CHILDREN WALKING

refugee child

When I was ten and very poorly, I was sent to a kind of hospital school three
hundred miles away from my home to get better.  I felt so lost, unhappy and
alone, I ran away on a night thick with snow, determined to get back home.
I’d read all the stories of children on their own – Hansel and Gretel, Snow
White, the children in the Bible constantly on the move and they consoled
me. 
But here we are, decades later, and like the children in the stories I
told myself all those years ago, they are still being pursued by the inhumanly
vicious.  
When will it end?

   CHILDREN WALKING

That night, in wicked December,
When the moon shone
Through the dark tops of trees
Onto the sparkling snow.
The sea rolling over the silent sand,
The water so cold and slow
Even Neptune was frozen,
Frightened by the frost hardened foam. 

That was the night she began
The three hundred mile walk home.
Sure it would take no time at all. 

She was sick of the great old house
In dark shadow behind her,
With its white beds, white walls
And fierce purple uniforms.
She wanted to sleep in her own bed,
With the candle on the window sill,
Unlit, but ready for any emergency.
A bad dream.  The eerie sound
Of a bogeyman almost upon her. 

As she walked, she remembered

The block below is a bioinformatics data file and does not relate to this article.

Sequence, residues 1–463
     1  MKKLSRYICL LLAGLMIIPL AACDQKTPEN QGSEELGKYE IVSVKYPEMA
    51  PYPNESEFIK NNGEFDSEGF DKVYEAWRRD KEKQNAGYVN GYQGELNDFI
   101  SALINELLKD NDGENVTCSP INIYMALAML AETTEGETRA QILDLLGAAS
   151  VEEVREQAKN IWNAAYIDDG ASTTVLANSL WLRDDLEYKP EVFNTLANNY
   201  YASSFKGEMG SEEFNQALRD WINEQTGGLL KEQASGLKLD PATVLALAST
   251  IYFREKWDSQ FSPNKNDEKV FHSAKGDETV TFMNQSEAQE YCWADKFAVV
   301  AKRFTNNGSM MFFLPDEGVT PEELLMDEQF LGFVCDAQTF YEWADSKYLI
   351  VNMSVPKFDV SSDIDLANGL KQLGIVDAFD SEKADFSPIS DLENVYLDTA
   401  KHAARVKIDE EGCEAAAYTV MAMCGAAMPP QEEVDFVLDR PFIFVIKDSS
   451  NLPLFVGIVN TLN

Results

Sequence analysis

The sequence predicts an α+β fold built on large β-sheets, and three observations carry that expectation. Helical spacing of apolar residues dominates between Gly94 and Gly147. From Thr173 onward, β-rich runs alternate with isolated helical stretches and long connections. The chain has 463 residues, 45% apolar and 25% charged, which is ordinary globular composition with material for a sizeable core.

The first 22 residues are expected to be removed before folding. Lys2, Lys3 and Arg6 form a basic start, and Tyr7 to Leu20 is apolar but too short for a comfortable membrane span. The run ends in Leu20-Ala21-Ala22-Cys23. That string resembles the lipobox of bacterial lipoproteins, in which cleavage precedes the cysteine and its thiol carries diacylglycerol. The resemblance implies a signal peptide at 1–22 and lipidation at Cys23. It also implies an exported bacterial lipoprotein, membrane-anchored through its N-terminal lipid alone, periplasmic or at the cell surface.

All the stories she had heard
Of children walking.
Walking back to their own home,
Looking for a new one.
Some together.   Some like her, alone.
Walking through flame and fire and snow,
Through desolation. 

She didn’t get home that night,
Neither did they.
Even Neptune almost didn’t make it.
But they remember,
Those children walking alongside each other,
That night in wicked December. 

And still they walk,
Told in new stories of new suffering,
New desolation,
Of new bogeymen now upon them,
Told in the old story of the breakdown of love.  

                                © 2020 Gwen Grant

DUCKS AND CHANCES

ducks in garden

DUCKS AND CHANCES

The last time we were flooded,
Our garden became a sudden pond
For the three ducks who flew down
To swim in this new and exciting
Stretch of water.

The cat, furious, hissed at them
Through the rain-swept window,
Paws trying to push through the glass.

But as I watched them,
Regretting the lavender and philadelphus,
I decided that from now on
I would be like those ducks and take on
All unexpected chances,
Refusing to be chased away
Until I had at least paddled in the water.

                 ©2020 Gwen Grant

Looking Across The Tay

We have a favourite place in Scotland that overlooks the River Tay, so we often just sit there and watch the water.  The Tay is also known as the ‘Silver’ Tay and it really does shine silver.  It’s a very beautiful river.